Family formation and female employment: the educational gradient in full-time and part-time work in 10 European countries
David De Wachter, Universiteit Antwerpen
Karel Neels, Universiteit Antwerpen
Jorik Vergauwen, Universiteit Antwerpen
Over the last decades the participation of women in the labour market has risen sharply in Europe because of better female education and increased rates of maternal employment. However, maternal employment rates show considerable variation between countries. Combining micro-data from the Generations and Gender Survey with contextual information from the OECD Family database, this paper uses multinomial multilevel regression to analyse the effects of micro and macro level characteristics on full-time and part-time employment among women in 10 European countries. We investigate the educational gradient in the effect of union formation on female activity status and how this differs between and within the countries considered. We also check whether cross-national differences in the availability of formal and informal childcare can explain cross-national differences in the effect of union formation. The results indicate that within country variation in activity status is largely overshadowed by the strong cross-national differences in female employment. Between-country variation in female employment is very small among childless women but increases rapidly after they have made the transition into motherhood. The number of children and the age of the youngest child in the household have a clear effect on female employment rates, but the size and the direction of the effects are different for full-time and part-time work, interact with educational attainment and further vary between countries. Between-country differences in the effect of union formation can be partially explained by differences in childcare use. Between-country variation in formal childcare has a larger impact on female activity status than between-country variation in informal childcare. Finally, both formal and informal childcare have a positive effect on both full-time and part-time employment in all educational groups with the effect being more articulated among higher educated women.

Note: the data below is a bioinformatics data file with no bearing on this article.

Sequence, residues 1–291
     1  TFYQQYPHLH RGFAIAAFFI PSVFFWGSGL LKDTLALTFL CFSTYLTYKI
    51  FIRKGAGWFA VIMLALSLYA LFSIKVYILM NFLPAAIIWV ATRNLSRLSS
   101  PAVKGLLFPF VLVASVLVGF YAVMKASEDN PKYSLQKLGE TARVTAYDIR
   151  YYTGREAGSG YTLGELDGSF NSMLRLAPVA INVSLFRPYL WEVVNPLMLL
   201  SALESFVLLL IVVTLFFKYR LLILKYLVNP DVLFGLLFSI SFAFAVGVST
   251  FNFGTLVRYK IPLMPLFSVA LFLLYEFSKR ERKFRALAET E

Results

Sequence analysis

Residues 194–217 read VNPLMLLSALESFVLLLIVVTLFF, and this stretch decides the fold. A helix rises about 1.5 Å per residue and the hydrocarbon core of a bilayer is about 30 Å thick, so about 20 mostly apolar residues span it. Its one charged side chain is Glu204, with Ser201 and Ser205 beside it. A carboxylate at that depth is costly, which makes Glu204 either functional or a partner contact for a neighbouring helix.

Presented in Session 75: Family formation and the labour market